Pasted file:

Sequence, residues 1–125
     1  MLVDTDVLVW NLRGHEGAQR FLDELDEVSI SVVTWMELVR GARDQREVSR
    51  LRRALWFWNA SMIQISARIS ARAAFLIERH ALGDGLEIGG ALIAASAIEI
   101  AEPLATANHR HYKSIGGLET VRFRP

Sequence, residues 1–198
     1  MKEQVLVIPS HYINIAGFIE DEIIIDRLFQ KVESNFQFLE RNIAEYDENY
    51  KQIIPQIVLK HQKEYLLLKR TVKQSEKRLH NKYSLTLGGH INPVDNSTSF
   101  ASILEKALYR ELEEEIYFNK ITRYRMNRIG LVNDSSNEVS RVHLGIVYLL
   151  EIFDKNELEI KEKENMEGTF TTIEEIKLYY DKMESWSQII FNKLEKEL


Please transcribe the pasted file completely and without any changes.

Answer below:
Sequence, residues 1–125
     1  MLVDTDVLVW NLRGHEGAQR FLDELDEVSI SVVTWMELVR GARDQREVSR
    51  LRRALWFWNA SMIQISARIS ARAAFLIERH ALGDGLEIGG ALIAASAIEI
   101  AEPLATANHR HYKSIGGLET VRFRP

Sequence, residues 1–198
     1  MKEQVLVIPS HYINIAGFIE DEIIIDRLFQ KVESNFQFLE RNIAEYDENY
    51  KQIIPQIVLK HQKEYLLLKR TVKQSEKRLH NKYSLTLGGH INPVDNSTSF
   101  ASILEKALYR ELEEEIYFNK ITRYRMNRIG LVNDSSNEVS RVHLGIVYLL
   151  EIFDKNELEI KEKENMEGTF TTIEEIKLYY DKMESWSQII FNKLEKEL